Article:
Chimps’ self-medication with plants could aid drug discovery

A Budongo chimpanzee feeding on the fruit of F. exasperate.
Elodie Freymann

A landmark study has revealed that wild chimpanzees use medicinal plants to treat themselves when ill, a finding that could assist in the search for new drugs.

Researchers led by Dr Elodie Freymann from the University of Oxford spent months observing the behaviour of a 51-strong troop of chimps in the Budongo Central Forest Reserve in Uganda, discovering that individuals with obvious signs of illness seem to seek out plants that are nutritionally poor, but could have medicinal properties.

Dr Elodie Freymann
Dr Elodie Freymann

The team acknowledges that it is hard to determine whether chimps intentionally seek out plants with properties that help their specific ailments or passively consume plants that happen to be medicinal.

However, their research went a step further by taking samples of the plants the sick chimps were eating and analysing them for pharmacological constituents, as well as collecting samples of faeces and urine to test for illness. The samples were tested in the lab of Dr Fabien Schultz at the Neubrandenburg University of Applied Sciences in Germany.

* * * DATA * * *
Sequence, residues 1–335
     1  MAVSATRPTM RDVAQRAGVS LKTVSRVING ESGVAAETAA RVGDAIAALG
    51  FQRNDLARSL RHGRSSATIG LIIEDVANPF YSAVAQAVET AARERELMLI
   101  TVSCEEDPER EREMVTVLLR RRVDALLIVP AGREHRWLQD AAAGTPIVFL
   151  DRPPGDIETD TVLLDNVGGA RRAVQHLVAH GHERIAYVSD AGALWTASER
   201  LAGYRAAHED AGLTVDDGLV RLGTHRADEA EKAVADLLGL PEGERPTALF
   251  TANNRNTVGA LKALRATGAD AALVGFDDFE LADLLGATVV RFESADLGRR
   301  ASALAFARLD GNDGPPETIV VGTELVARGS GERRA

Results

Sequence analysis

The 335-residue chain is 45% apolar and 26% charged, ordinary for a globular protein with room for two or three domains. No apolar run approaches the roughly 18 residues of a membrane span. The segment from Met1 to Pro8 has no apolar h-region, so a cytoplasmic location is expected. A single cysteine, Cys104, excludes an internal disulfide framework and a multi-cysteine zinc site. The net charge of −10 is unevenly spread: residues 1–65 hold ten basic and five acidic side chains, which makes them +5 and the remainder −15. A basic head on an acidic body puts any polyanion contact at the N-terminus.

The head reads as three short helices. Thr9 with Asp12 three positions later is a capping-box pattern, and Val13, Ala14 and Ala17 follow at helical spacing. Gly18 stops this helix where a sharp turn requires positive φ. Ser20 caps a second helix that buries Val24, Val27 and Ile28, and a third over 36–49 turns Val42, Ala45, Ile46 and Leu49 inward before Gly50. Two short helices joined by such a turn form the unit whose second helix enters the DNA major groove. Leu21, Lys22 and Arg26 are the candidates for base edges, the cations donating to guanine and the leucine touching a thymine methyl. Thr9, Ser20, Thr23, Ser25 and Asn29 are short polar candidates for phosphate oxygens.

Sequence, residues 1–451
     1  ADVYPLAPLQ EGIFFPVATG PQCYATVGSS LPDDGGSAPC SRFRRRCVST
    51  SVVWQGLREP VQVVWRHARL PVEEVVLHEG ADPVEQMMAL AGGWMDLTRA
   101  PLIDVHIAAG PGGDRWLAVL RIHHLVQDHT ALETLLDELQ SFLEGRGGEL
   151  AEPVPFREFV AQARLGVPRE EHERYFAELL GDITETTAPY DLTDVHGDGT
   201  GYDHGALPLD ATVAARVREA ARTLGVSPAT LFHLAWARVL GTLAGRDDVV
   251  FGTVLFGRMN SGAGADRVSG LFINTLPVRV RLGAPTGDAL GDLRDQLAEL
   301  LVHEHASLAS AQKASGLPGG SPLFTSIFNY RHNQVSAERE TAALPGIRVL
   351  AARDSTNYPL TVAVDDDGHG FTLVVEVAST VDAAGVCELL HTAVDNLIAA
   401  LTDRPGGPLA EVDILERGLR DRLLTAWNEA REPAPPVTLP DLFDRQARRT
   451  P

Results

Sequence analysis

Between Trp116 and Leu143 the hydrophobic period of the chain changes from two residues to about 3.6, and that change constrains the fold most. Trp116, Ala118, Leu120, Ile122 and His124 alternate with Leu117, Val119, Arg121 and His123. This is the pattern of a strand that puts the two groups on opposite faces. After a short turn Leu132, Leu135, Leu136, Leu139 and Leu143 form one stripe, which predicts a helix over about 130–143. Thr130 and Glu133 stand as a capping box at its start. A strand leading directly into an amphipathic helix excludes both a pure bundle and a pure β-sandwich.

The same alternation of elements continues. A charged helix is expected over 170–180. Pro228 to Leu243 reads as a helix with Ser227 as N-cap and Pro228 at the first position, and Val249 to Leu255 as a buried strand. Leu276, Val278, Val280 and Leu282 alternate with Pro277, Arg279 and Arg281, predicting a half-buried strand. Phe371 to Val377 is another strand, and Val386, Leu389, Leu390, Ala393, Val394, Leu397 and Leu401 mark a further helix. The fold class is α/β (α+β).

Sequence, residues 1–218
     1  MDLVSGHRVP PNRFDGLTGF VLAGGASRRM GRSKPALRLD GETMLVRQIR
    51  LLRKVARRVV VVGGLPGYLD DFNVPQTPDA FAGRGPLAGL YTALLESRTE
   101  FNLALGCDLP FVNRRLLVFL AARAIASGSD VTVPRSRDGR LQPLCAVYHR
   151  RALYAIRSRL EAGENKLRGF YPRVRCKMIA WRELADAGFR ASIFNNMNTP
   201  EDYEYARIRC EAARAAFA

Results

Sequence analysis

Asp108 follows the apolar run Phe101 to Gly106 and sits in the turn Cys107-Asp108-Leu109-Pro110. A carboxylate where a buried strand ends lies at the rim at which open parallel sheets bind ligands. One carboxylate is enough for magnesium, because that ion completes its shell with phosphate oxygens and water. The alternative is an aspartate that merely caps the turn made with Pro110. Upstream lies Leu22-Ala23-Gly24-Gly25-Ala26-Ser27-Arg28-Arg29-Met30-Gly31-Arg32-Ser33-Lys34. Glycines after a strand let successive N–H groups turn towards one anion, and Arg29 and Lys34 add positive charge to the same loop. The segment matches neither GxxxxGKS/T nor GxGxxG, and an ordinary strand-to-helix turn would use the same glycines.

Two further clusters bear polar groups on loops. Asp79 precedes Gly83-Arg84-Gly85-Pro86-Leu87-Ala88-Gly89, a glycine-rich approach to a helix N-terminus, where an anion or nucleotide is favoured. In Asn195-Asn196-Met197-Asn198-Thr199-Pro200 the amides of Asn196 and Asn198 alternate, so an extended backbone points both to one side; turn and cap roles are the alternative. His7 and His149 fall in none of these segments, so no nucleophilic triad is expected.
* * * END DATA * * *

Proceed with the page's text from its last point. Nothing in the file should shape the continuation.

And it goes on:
They observed that some of the plants used by primates showing signs of injury or illness were not part of their normal diet.

For example, one male with an injured hand sought out a particular species of fern that was not consumed by others in the troop.

They came up with a list of 13 different species of tree and herb that were tested for anti-inflammatory and antibiotic properties. All told, 88% of the plant extracts inhibited bacterial growth, while 33% had anti-inflammatory properties and may promote wound healing.

In the case of the injured male, the fern species (Christella parasitica) was subsequently shown to have potent anti-inflammatory properties, while dead wood from a tree in the Dogbane family (Alstonia boonei) showed the strongest antibacterial activity. They also recorded an individual with a parasitic infection consuming the bark of the cat-thorn tree (Scutia myrtina).

While scientists have tried to hunt for new drug leads in fauna and flora samples for decades, that is generally a very hit-and-miss affair unless guided by local human knowledge.

This targeted ‘zoopharmacognosy’ approach in non-human primates could unlock another line of research and – given the findings involving antibacterial plants – could help in the search for novel antimicrobials at a time when resistance to current drugs is rising to dangerously high levels.

“In this paper, we demonstrate how watching and learning from our primate cousins may fast-track the discovery of novel medicines, while also emphasising the importance of protecting our forest pharmacies,” they write in a paper on the study published in the open-access journal PLOS One.